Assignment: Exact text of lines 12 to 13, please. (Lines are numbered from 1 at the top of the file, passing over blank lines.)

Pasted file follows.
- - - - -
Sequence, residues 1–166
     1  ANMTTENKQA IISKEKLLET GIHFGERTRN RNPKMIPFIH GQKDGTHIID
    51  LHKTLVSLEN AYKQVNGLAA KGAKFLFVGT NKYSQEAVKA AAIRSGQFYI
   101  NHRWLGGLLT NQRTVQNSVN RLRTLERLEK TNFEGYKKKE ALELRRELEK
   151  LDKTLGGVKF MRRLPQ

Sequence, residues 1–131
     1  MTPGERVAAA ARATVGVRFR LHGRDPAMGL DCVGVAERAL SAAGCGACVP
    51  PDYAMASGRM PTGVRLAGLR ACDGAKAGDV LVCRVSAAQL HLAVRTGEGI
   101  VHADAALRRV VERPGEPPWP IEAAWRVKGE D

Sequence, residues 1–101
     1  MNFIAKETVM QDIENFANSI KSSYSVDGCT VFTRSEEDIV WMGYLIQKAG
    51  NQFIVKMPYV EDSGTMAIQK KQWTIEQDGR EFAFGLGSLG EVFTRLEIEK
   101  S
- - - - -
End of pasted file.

    51  NQFIVKMPYV EDSGTMAIQK KQWTIEQDGR EFAFGLGSLG EVFTRLEIEK
   101  S